Sketch of the Week

Last weekend I went to the annual flower show in Essex Junction to escape the winter doldrums for a while. A colorful fantasy land of flowers and fragrances awaited within the Champlain Valley Exposition Center:

As always, I had my trusty sketchbook with me, and paused periodically during my botanical meanderings to draw some of the flowers.

Some tulips, as well as spinach leaves and radishes, if I remember rightly.
I thought that the magnolias were especially attractive and sculptural.

Usually I'm not this precise when I'm sketching, but my regular ballpoint pen was being temperamental, so I had to switch to my more meticulous micronpen. When that started to go, I resorted to pencil.

Recently I've been reading a lot about recycled jewelry, so I'm thinking about taking these sketches and working them into a necklace design. What do you think?


  1. I really like the idea of you making the magnolias into some form of jewelry. There's something about their lack of perfect symmetry. They're one of the things I miss about living further south- the complex materiality of their leaves, flowers, and pods.
    What materials were you thinking of using?

    1. It's funny how our varying experiences and memories can result in different associations. Magnolias remind me of London because Kensington Gardens keeps several of them in their ornamental gardens, and I used to go walking there frequently when I studied abroad.

      I'm glad to hear you're as excited about the idea as I am. Material wise I'm looking for something with sculptural qualities because magnolias do have that wonderful three-dimensional character to them (indeed, clay is an obvious choice). One option I've been considering is papier mache, since my apartment is already replete with magazines, newspapers, botched prints, etc. I'll get a better idea of what I have lying around when I do my annual spring cleaning. Do any materials leap out at you?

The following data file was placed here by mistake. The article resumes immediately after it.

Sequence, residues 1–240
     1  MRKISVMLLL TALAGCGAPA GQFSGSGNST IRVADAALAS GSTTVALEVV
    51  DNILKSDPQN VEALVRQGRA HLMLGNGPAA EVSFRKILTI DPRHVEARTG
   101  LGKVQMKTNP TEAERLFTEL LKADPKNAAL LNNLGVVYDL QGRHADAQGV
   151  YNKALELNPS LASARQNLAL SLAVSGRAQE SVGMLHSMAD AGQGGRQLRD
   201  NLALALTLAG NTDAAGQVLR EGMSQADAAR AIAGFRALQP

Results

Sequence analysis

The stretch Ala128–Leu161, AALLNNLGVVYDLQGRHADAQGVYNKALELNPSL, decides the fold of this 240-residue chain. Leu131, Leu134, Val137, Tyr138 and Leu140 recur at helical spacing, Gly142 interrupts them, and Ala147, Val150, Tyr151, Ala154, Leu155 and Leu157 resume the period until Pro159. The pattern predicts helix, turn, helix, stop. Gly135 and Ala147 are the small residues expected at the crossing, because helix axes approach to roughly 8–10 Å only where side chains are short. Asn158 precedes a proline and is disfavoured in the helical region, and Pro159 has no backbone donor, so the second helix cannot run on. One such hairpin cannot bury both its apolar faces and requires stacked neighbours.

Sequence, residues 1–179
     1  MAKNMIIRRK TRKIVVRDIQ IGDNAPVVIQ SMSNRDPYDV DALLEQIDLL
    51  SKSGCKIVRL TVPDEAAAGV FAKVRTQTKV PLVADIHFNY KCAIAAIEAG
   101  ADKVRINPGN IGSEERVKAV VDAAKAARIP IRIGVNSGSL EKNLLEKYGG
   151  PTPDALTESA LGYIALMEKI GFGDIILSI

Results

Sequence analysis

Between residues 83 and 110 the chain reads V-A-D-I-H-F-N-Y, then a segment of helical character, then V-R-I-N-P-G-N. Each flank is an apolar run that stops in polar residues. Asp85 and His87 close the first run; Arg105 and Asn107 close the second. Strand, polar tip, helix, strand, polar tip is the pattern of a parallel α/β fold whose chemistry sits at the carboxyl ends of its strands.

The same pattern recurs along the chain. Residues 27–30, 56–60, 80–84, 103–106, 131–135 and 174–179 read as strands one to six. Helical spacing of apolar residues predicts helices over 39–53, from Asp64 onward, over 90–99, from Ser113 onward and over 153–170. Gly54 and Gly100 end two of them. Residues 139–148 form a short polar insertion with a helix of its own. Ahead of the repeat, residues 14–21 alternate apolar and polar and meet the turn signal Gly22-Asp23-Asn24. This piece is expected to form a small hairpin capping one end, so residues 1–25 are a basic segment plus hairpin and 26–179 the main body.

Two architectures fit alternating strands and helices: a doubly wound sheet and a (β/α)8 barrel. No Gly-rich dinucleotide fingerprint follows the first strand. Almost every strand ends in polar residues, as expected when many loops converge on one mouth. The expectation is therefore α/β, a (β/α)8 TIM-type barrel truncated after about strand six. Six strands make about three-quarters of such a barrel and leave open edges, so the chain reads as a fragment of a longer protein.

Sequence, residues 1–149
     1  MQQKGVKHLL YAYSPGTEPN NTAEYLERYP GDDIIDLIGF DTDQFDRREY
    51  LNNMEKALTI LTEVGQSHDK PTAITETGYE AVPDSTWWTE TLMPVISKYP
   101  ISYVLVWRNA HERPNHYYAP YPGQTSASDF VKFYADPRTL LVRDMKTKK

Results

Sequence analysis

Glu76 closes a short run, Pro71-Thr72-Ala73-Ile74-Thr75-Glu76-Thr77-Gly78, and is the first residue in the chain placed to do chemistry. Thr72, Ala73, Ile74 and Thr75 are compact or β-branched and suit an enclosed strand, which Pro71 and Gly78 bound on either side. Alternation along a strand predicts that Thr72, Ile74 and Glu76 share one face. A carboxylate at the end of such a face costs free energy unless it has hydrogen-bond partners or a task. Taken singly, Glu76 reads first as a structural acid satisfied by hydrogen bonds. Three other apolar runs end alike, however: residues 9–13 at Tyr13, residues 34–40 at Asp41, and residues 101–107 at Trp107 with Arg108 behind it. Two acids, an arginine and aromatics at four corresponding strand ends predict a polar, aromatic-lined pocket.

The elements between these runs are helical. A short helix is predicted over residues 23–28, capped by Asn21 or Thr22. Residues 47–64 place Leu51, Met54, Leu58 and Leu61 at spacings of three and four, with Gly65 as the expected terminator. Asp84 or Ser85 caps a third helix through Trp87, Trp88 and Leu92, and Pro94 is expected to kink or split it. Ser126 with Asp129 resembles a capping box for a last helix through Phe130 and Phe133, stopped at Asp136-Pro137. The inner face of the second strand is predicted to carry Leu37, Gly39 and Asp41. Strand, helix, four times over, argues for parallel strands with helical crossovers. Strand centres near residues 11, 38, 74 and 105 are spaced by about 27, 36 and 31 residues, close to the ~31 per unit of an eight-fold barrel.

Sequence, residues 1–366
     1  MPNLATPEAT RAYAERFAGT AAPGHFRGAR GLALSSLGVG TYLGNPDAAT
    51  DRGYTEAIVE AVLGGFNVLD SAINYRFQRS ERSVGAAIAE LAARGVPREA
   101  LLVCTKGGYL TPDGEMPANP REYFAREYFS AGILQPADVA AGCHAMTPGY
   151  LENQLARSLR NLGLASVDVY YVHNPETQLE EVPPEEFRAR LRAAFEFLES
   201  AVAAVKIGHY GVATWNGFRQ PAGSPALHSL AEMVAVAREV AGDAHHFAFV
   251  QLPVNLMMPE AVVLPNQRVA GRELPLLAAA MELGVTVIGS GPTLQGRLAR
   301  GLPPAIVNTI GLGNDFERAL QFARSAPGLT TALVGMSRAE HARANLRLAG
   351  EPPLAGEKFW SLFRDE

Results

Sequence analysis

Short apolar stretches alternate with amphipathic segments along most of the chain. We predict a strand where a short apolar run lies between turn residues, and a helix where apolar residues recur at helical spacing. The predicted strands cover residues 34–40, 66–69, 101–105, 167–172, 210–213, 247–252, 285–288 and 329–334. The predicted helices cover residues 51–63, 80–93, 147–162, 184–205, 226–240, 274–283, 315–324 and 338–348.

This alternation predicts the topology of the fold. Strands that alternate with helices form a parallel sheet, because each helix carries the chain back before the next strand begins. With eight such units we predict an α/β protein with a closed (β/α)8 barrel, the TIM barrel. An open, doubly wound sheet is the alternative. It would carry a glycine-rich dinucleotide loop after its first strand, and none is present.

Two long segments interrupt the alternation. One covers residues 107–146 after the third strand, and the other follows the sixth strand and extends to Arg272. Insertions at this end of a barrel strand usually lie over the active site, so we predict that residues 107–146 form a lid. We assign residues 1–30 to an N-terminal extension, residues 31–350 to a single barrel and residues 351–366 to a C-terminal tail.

2. I'm not sure the scale you'd be working on, but I think clay would be difficult, because a clay magnolia blossom would be extremely fragile, with so many edges, crinkles, and narrows. Something fairly flexible and thin, like paper, might work better. I can see papier mache around a thin metal armature, ultimately stiffened with some sort of medium. Plus, clay wouldn't be nearly as recycled (unless it were reclaim clay, and that would have poor characteristics for modeling).
    On that score, I was wondering if you had been to the exhibit at Frog Hollow? They have a bunch of recycled art, some of it wearable. It is work by high schoolers, but some of it is quite good. A woman I worked with last summer at the pop-up studio in Winooski, Anne Cummings, who's a local art teacher, works in that arena- repurposed materials for artistic ends.

    1. All good points. I was leaning toward the papier mache/armature myself already, but it's good to hear about clay from someone who knows far more about it than I do. Thanks for your input.

      I did stop by Frog Hollow the other week, partly to see the new layout (it's certainly different now). Definitely some good ideas behind some of the pieces, and perfect timing with the High Trash show at the Fleming.


Post a Comment

Questions? Comments? Speak your mind here.